Definition & Overview
Nephritis refers to a medical condition characterized by an inflammation of the kidneys. The kidneys are some of the most hard-working organs in the body, aside from the heart. They filter around 50 gallons of blood on a daily basis, 5 gallons of which are waste products that are excreted from the body through urine.
When the kidneys function normally, the rest of the body is continuously supplied with “clean” oxygen-rich blood. However, when the kidneys become inflamed, they are unable to effectively filter the blood. If not treated, the kidneys go into a critical phase and ultimately fail. Kidney failure is a serious condition because waste products build up in the blood, poisoning other organs.
To prevent this from happening, the patient needs to undergo dialysis, which is a procedure that involves performing the functions of the kidneys through mechanical means. However, a patient will not be able to last through dialysis alone. Eventually, the kidneys will need to be replaced with healthy ones through a kidney transplant.
There are different types of nephritis. Each type is based on the part of the kidney that has been affected with the condition. The three main areas commonly affected are the glomeruli, tubule, and interstitial renal tissue.
Glomerulonephritis – This condition refers to the inflammation of the tiny capillaries in the kidneys called glomeruli, which task is to filter blood. When they become inflamed, they are unable to effectively filter the blood.
Interstitial Nephritis - If the inflammation does not affect the glomeruli, it will likely affect the area between the nephrons called the renal interstitium, which then results in a condition called interstitial nephritis, sometimes referred to as tubulointerstitial nephritis.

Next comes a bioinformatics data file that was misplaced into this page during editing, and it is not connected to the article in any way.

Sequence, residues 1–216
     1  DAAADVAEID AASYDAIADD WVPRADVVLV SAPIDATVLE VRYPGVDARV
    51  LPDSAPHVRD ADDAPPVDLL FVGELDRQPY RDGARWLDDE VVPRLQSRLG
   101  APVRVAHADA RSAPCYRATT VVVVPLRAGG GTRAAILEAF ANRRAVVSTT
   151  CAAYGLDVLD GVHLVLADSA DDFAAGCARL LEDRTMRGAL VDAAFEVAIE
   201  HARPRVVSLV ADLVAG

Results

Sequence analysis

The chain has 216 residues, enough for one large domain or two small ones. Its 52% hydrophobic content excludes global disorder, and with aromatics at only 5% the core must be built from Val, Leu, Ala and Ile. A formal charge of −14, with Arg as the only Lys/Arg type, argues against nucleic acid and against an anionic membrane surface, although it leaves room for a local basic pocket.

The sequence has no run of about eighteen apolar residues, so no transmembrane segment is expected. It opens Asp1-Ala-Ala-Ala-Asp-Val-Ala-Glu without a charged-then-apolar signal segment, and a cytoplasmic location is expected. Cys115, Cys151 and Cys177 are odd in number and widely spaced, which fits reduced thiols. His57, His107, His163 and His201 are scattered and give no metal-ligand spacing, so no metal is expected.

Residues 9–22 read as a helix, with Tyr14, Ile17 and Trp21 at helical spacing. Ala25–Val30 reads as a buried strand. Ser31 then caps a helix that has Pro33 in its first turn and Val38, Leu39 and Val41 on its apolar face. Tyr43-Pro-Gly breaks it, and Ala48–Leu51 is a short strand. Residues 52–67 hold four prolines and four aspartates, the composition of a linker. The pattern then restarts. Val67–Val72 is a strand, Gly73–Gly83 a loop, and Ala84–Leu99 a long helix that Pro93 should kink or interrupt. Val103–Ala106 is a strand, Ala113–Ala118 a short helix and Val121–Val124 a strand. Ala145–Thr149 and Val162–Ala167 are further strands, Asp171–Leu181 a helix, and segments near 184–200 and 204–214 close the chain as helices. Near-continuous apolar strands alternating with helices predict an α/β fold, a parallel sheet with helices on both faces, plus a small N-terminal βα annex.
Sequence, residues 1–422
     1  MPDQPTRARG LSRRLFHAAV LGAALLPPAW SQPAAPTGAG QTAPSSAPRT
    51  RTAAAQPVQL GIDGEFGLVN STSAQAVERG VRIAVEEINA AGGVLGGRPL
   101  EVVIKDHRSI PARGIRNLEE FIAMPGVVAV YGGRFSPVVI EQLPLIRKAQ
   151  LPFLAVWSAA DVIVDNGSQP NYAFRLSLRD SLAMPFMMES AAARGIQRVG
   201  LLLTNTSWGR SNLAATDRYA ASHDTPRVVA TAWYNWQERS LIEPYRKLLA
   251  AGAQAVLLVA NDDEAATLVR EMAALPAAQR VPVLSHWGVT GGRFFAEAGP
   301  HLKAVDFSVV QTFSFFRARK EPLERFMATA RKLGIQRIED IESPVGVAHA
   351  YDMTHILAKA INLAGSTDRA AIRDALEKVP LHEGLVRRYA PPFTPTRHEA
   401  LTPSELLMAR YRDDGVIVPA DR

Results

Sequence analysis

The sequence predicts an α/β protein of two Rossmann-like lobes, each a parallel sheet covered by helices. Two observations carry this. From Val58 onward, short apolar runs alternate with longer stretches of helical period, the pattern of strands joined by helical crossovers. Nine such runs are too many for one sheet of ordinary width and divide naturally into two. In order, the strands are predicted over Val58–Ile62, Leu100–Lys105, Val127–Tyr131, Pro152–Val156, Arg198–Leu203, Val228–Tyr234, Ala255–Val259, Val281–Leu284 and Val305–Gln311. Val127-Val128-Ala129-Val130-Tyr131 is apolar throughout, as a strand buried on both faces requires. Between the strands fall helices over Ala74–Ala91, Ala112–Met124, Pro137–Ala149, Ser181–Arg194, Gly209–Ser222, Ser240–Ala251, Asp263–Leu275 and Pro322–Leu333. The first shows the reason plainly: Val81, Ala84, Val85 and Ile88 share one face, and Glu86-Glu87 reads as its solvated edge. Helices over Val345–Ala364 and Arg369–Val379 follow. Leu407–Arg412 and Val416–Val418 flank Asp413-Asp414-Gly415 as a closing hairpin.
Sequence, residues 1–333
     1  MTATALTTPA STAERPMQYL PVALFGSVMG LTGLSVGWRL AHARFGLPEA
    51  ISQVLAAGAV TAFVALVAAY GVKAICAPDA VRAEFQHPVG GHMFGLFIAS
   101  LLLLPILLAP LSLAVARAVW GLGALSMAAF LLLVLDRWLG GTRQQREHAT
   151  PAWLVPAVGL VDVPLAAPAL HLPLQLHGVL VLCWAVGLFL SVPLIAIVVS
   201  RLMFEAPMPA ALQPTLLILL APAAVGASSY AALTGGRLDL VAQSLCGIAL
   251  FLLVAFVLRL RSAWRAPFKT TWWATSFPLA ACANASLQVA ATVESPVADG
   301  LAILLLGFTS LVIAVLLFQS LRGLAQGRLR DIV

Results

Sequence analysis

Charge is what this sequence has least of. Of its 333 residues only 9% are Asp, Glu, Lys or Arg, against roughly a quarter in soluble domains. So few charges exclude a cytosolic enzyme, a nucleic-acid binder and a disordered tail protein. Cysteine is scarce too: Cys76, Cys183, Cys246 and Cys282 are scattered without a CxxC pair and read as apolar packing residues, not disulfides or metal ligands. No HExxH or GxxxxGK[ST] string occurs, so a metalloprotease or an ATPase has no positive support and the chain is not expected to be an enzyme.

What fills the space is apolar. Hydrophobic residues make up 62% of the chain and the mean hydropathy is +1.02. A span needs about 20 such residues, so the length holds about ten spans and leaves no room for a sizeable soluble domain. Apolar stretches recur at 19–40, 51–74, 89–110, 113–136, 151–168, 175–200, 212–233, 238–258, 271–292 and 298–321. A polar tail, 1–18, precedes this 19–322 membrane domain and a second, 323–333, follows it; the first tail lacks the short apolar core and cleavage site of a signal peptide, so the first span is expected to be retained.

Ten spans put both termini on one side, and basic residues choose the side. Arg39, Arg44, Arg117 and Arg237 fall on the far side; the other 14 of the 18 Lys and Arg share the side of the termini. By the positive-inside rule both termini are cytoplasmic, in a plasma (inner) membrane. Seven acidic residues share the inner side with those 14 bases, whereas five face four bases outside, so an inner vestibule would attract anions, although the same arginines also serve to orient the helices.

Pyelonephritis – The waste products excreted from the blood are passed on to the bladder through tubes called ureters. In some cases, inflammation begins at the bladder and travels up the ureters to the kidneys. This condition is referred to as pyelonephritis.
Cause of Condition
Each type of nephritis has its own set of causes.
The exact causes of glomerulonephritis are yet to be identified. However, doctors and researchers have identified several factors that may contribute to the infection, such as immune system disorders, history of cancer, abscess that forms from other parts of the body and is transported to the kidneys via blood circulation.
Pyelonephritis is mostly caused by the bacteria escherichia coli (e. coli). E. coli resides in the intestines and can cause infections in the kidneys. Other than e. coli, the other known causes of pyelonephritis are kidney stones, the use of an cystoscope to view the inside of the bladder, and actual surgery on the bladder, ureters, or kidneys.
Interstitial Nephritis is mostly caused by an allergic reaction to certain medications. Taking medications for a long period and having low levels of potassium in the blood are also known causes.
Other than knowing the causes of nephritis, it’s also important to determine if you’re at risk of developing the condition. The primary risk factors of nephritis are:
- A family history of kidney diseases
- The presence of immune system disorder